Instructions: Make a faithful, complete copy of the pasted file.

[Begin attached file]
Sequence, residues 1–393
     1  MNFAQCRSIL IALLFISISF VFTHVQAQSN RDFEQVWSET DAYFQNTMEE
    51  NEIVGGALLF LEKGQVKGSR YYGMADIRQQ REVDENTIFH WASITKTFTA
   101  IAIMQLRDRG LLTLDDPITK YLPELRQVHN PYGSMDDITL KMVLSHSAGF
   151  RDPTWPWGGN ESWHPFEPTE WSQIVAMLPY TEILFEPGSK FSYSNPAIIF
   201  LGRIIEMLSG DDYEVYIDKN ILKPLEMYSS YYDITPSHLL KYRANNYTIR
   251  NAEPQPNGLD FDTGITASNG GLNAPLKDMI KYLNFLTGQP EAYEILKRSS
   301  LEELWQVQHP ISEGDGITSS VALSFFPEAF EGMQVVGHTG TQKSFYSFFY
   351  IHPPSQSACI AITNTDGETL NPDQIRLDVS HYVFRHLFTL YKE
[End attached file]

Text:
Sequence, residues 1–393
     1  MNFAQCRSIL IALLFISISF VFTHVQAQSN RDFEQVWSET DAYFQNTMEE
    51  NEIVGGALLF LEKGQVKGSR YYGMADIRQQ REVDENTIFH WASITKTFTA
   101  IAIMQLRDRG LLTLDDPITK YLPELRQVHN PYGSMDDITL KMVLSHSAGF
   151  RDPTWPWGGN ESWHPFEPTE WSQIVAMLPY TEILFEPGSK FSYSNPAIIF
   201  LGRIIEMLSG DDYEVYIDKN ILKPLEMYSS YYDITPSHLL KYRANNYTIR
   251  NAEPQPNGLD FDTGITASNG GLNAPLKDMI KYLNFLTGQP EAYEILKRSS
   301  LEELWQVQHP ISEGDGITSS VALSFFPEAF EGMQVVGHTG TQKSFYSFFY
   351  IHPPSQSACI AITNTDGETL NPDQIRLDVS HYVFRHLFTL YKE